Pope Benedict XVI.
Religion According to Reason
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Pope Benedict XVI (Latin: Benedictus XVI; Italian: Benedetto XVI; German: Benedikt XVI.; born Joseph Aloisius Ratzinger; German pronunciation: [ˈjoːzɛf ˈalɔʏzi̯ʊs ˈʁatsɪŋɐ]; 16 April 1927) is a retired prelate of the Catholic Church who served as head of the Church and sovereign of the Vatican City State from 2005 until his resignation in 2013. Benedict’s election as pope occurred in the 2005 papal conclave that followed the death of Pope John Paul II. Benedict chose to be known by the title “pope emeritus” upon his resignation.Ordained as a priest in 1951 in his native Bavaria, Ratzinger embarked on an academic career and established himself as a highly regarded theologian by the late 1950s. He was appointed a full professor in 1958 at the age 31. After a long career as a professor of theology at several German universities, he was appointed Archbishop of Munich and Freising and Cardinal by Pope Paul VI in 1977, an unusual promotion for someone with little pastoral experience. In 1981, he was appointed Prefect of the Congregation for the Doctrine of the Faith, one of the most important dicasteries of the Roman Curia. From 2002 until his election as pope, he was also Dean of the College of Cardinals. Prior to becoming pope, he was “a major figure on the Vatican stage for a quarter of a century”; he had an influence “second to none when it came to setting church priorities and directions” as one of John Paul II’s closest confidants. He has lived in Rome since 1981.
His prolific writings generally defend traditional Catholic doctrine and values. He was originally a liberal theologian, but adopted conservative views after 1968. During his papacy, Benedict XVI advocated a return to fundamental Christian values to counter the increased secularisation of many Western countries. He views relativism’s denial of objective truth, and the denial of moral truths in particular, as the central problem of the 21st century. He taught the importance of both the Catholic Church and an understanding of God’s redemptive love. Pope Benedict also revived a number of traditions, including elevating the Tridentine Mass to a more prominent position. He strengthened the relationship between the Catholic Church and art, promoted the use of Latin, and reintroduced traditional papal garments, for which reason he was called “the pope of aesthetics”. He has been described as “the main intellectual force in the Church” since the mid-1980s.On 11 February 2013, Benedict unexpectedly announced his resignation in a speech in Latin before the cardinals, citing a “lack of strength of mind and body” due to his advanced age. His resignation became effective on 28 February 2013. He is the first pope to resign since Gregory XII in 1415, and the first to do so on his own initiative since Celestine V in 1294. As pope emeritus, Benedict retains the style of His Holiness and continues to dress in the papal colour of white. He was succeeded by Pope Francis on 13 March 2013, and he moved into the newly renovated Mater Ecclesiae Monastery for his retirement on 2 May 2013. In his retirement, Benedict XVI has made occasional public appearances alongside Francis.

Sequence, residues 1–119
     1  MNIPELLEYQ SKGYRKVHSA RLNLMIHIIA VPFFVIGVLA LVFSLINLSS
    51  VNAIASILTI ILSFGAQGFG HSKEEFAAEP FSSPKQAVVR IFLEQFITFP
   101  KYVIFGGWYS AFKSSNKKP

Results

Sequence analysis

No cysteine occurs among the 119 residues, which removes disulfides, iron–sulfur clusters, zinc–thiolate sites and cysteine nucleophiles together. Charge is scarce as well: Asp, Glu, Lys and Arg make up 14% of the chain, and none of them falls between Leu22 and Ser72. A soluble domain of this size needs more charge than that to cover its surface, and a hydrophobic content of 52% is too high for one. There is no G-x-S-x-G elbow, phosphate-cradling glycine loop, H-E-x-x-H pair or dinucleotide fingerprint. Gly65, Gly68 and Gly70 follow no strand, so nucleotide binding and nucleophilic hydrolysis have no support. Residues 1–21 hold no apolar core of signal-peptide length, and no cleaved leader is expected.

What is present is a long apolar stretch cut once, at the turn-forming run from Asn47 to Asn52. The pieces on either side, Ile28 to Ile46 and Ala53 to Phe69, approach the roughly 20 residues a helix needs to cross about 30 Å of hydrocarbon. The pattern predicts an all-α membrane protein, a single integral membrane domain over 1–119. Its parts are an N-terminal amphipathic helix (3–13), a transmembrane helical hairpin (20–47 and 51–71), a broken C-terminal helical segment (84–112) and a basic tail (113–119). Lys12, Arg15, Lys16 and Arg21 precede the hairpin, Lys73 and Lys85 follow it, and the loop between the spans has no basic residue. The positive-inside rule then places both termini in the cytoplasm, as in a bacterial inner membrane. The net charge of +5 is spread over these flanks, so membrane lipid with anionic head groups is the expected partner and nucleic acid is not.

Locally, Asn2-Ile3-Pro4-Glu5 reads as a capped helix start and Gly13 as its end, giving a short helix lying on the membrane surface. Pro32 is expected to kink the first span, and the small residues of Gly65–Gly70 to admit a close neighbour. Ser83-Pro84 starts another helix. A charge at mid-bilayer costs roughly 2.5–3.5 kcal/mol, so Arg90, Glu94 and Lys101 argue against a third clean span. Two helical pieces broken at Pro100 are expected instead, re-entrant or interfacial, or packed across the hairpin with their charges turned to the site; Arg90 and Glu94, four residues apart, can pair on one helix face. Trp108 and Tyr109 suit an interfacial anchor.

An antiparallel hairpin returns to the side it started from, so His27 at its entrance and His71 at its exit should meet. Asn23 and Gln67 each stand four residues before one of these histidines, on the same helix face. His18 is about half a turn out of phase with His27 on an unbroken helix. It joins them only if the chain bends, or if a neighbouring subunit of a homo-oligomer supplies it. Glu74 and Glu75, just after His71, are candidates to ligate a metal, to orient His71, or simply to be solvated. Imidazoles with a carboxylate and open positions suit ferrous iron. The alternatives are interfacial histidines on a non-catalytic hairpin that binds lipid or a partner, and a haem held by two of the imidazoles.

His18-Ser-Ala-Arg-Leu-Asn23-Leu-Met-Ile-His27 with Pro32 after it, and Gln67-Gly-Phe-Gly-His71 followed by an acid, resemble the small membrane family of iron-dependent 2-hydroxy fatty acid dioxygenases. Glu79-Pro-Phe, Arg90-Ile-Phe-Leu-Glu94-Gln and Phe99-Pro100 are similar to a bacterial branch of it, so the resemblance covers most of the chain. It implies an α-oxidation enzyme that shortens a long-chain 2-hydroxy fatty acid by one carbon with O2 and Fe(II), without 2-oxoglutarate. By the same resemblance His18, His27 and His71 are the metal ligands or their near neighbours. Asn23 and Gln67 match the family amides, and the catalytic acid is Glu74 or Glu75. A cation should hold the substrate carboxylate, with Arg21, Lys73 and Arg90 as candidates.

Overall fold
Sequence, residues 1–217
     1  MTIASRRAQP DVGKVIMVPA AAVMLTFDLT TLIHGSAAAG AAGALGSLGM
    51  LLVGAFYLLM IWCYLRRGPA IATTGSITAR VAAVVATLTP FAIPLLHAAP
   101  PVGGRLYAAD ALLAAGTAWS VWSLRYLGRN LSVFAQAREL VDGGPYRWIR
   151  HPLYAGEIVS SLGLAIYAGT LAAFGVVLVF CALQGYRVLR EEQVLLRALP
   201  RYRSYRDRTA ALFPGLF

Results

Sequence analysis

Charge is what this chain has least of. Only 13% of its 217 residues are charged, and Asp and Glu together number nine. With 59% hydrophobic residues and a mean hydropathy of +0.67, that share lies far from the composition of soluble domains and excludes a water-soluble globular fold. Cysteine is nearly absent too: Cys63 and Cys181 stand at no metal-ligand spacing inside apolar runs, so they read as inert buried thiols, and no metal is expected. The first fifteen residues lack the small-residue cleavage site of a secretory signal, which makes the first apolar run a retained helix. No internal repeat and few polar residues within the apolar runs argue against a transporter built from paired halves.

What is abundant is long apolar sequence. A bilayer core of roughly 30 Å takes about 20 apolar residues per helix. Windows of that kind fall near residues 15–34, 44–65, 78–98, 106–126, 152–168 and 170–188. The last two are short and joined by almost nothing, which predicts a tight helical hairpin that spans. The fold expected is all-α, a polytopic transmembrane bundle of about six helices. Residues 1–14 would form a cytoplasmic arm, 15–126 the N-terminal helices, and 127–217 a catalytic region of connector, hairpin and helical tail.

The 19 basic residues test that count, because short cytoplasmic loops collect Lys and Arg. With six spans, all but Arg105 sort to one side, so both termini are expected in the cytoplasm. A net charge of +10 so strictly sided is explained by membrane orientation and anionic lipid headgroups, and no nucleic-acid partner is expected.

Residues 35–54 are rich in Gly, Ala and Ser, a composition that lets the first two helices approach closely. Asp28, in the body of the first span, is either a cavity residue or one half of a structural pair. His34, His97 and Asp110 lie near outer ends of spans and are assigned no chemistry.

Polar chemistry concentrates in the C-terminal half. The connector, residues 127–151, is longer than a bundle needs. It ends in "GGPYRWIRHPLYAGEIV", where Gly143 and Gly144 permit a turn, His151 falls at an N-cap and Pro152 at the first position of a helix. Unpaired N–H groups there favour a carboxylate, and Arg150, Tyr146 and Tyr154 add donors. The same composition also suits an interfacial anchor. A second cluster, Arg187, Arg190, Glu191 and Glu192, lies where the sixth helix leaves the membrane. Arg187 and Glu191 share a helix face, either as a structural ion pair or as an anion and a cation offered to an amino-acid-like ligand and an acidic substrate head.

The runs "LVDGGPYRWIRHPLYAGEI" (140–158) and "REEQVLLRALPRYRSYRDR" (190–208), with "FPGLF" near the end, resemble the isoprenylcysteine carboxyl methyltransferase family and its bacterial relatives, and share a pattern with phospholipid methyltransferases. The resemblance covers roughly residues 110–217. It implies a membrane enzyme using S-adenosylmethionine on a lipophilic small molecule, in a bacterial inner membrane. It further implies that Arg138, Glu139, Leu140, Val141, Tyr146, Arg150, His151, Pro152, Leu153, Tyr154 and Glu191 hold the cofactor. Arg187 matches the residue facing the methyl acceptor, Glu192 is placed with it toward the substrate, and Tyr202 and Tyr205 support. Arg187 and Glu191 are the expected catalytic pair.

In addition to his native German, Benedict speaks French, Italian and English fluently. He also has an excellent command of Latin and speaks Spanish adequately. Furthermore, he has much knowledge of Portuguese. He can read Ancient Greek and biblical Hebrew. He has stated that his first foreign language is French. He is a member of several scientific academies, such as the French Académie des Sciences Morales et Politiques. He plays the piano and has a preference for Mozart and Bach.
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